My first glance reading seemed to say – ‘there was something about him’ despite his slovenly dress etc. But when I reread I saw that really there was nothing about him except ‘self-possession and authoritativeness of voice and carriage’. I stopped for a while to think about this. The ordinary farmers were just as ‘good’ as Cass – ‘every whit as refined as he’, which is a joke because he is not  very refined at all, and neither are the other farmers… it’s just that Cass comes with a self-belief grown by  generations of  entitlement –  ‘the presupposition that his family, his tankards, and everything that was his, were the oldest and best’. And it’s a hierarchy that stops at himself, too, because Cass never meets anyone above him … so he is always top dog in his own world. That’s what’s coming in the room with him, despite his slovenly clothes and ‘slack and feeble mouth’.

On I read…Squire Cass gets annoyed about the loss of the horse, loss of the money, and berates himself for being ‘too good a  father.’

Godfrey was silent. He was not likely to be very penetrating in his judgments, but he had always had a sense that his father’s indulgence had not been kindness, and had had a vague longing for some discipline that would have checked his own errant weakness and helped his better will.

I wonder where the thought ‘he was not likely to be very penetrating in his judgments’ comes from? Not from Godfrey Cass himself,  from George Eliot then, from the narrator of this story. The George Eliot voice is also inside Godfrey, knowing his thoughts, as well as judging him from a more external point of view. So the sentence continues  ‘but he had always had a sense that his father’s indulgence had not been kindness’. Not only that, he had ‘a vague longing for some discipline that would have checked his own errant weakness and helped his better will’. This is really interesting to me because I am interested in learning how people change. The language here, of not knowing, but somehow sensing or feeling or knowing vaguely, points to a  kind of unknown knowledge that might be in a person – a clue to being happier?  Because the morality here – ‘errant weakness/better will’ – is not morality for its own sake. Godfrey Cass is not a happy man. Being good might be good for him.

Godfrey left the room, hardly knowing whether he were more relieved by the sense that the interview was ended without having made any change in his position, or more uneasy that he had entangled himself still further in prevarication and deceit. What had passed about his proposing to Nancy had raised a new alarm, lest by some after-dinner words of his father’s to Mr. Lammeter he should be thrown into the embarrassment of being obliged absolutely to decline her when she seemed to be within his reach. He fled to his usual refuge, that of hoping for some unforeseen turn of fortune, some favourable chance which would save him from unpleasant consequences– perhaps even justify his insincerity by manifesting its prudence. And in this point of trusting to some throw of fortune’s dice, Godfrey can hardly be called specially old-fashioned. Favourable Chance, I fancy, is the god of all men who follow their own devices instead of obeying a law they believe in. Let even a polished man of these days get into a position he is ashamed to avow, and his mind will be bent on all the possible issues that may deliver him from the calculable results of that position. Let him live outside his income, or shirk the resolute honest work that brings wages, and he will presently find himself dreaming of a possible benefactor, a possible simpleton who may be cajoled into using his interest, a possible state of mind in some possible person not yet forthcoming. Let him neglect the responsibilities of his office, and he will inevitably anchor himself on the chance that the thing left undone may turn out not to be of the supposed importance. Let him betray his friend’s confidence, and he will adore that same cunning complexity called Chance, which gives him the hope that his friend will never know. Let him forsake a decent craft that he may pursue the gentilities of a profession to which nature never called him, and his religion will infallibly be the worship of blessed Chance, which he will believe in as the mighty creator of success. The evil principle deprecated in that religion is the orderly sequence by which the seed brings forth a crop after its kind.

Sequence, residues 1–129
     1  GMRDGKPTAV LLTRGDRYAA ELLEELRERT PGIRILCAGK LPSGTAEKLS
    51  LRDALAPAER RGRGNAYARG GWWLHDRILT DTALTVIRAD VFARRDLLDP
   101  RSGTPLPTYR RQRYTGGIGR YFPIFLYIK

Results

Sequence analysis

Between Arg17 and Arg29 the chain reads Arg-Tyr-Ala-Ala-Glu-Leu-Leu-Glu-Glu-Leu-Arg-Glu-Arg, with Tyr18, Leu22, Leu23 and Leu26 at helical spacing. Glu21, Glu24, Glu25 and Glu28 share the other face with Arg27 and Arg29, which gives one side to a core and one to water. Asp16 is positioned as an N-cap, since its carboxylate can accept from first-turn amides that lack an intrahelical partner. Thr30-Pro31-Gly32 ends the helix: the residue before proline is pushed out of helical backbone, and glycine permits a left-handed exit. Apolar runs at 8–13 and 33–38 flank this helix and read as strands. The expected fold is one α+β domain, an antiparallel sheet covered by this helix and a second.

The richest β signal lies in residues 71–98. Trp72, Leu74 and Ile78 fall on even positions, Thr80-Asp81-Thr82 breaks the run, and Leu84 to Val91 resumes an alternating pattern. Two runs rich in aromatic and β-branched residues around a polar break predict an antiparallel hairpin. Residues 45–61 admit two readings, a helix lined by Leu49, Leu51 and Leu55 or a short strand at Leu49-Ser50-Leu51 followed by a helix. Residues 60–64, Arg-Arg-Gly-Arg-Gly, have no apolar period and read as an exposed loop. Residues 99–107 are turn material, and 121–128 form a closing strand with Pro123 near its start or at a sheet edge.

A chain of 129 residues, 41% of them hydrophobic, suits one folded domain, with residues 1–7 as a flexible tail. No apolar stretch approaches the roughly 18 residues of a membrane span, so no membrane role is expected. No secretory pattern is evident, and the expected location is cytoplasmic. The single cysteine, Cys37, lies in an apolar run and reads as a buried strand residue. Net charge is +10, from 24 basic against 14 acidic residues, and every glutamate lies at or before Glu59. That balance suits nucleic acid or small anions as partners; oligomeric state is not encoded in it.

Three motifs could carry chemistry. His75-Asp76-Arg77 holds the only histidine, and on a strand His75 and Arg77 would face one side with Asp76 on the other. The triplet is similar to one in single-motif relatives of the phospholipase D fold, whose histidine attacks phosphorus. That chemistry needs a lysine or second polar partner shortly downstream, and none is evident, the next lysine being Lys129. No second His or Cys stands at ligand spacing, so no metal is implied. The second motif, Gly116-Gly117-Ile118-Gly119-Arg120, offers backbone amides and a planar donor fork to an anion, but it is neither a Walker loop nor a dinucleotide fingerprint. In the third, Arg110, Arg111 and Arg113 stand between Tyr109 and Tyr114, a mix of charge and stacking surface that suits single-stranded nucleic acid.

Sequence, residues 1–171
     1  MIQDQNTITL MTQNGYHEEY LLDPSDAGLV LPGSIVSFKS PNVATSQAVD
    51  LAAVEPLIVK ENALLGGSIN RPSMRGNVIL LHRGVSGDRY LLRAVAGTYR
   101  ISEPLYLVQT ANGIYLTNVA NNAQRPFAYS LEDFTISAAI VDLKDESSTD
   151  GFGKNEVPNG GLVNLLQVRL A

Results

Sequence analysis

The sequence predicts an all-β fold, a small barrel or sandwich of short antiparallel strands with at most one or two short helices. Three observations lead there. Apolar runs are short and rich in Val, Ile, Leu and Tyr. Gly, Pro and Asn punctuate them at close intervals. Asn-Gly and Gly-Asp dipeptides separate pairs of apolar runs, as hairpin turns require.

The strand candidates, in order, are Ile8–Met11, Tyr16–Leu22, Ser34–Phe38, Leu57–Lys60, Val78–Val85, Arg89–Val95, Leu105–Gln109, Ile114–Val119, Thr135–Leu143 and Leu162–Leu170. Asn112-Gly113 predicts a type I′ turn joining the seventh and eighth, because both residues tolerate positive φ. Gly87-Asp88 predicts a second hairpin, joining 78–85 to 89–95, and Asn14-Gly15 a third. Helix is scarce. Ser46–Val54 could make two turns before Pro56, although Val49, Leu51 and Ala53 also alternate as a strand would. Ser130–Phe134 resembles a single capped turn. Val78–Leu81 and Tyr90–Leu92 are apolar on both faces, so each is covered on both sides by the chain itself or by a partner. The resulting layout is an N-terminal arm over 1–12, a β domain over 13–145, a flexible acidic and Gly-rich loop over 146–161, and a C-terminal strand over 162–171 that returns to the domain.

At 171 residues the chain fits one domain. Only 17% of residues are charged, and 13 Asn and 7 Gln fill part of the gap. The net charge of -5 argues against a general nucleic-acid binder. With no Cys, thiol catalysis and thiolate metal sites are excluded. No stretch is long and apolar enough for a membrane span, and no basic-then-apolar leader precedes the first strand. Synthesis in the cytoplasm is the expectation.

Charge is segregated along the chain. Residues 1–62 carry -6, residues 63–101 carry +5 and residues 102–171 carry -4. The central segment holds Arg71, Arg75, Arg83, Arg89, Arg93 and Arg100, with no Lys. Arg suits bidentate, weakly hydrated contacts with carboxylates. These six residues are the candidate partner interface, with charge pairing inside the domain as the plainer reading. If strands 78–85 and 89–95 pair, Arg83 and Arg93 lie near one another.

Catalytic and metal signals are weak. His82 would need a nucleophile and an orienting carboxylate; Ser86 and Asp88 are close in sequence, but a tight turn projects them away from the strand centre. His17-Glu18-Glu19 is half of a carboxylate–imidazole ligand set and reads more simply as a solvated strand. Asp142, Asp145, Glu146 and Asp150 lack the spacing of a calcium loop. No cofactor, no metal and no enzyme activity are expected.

Interesting that chance is so set up against law – any law? ‘Favourable Chance, I fancy, is the god of all men who follow their own devices instead of obeying a law they believe in.’ is the difference about sticking true to some belief, not so much what the belief is? But the ultimate law for George Eliot here, is the law of consequences in human action,’the orderly sequence by which the seed brings forth a crop after its kind.’

In the religion of chance there is no such law – one hopes for a lucky break. But in the religion of consequences, you know that if you do x, then y will follow.  The sense of the  consequence following – pursuing  – Godfrey is getting a bit frightening. Is his sense of self-worth strong enough to make him take action?

Thinking of the way Godfrey has been brought up by Squire Cass, partly bullied, partly over-indulged. Thinking of the potential good that there might be in Godfrey and which he himself senses.  After all, many men would not have married the alcoholic woman he (presumably) got pregnant. He married her out of ‘compunction’.  That compunction may be a form of  weakness and an attempt to halt the process whereby ‘the seed brings forth a crop after its kind’. Compunction is an  interesting word –  being sharply pricked  – being hurt by remorse… I wonder what  a person like Godfrey, with some sense of  ‘could do better’ – can do to change? and is that going to be possible?  What would need to be in place? Is the pain of compunction what is needed,  or the discipline he somehow vaguely longs for but cannot self-supply?  How is he going to shore up his ‘better will’?

Often we need outside help, new habits, a voice over the shoulder helping us create those new habits…I’m wondering about Miss Nancy Lammeter, could she be the discipline Godfrey needs? … But then, Godfrey is already  married!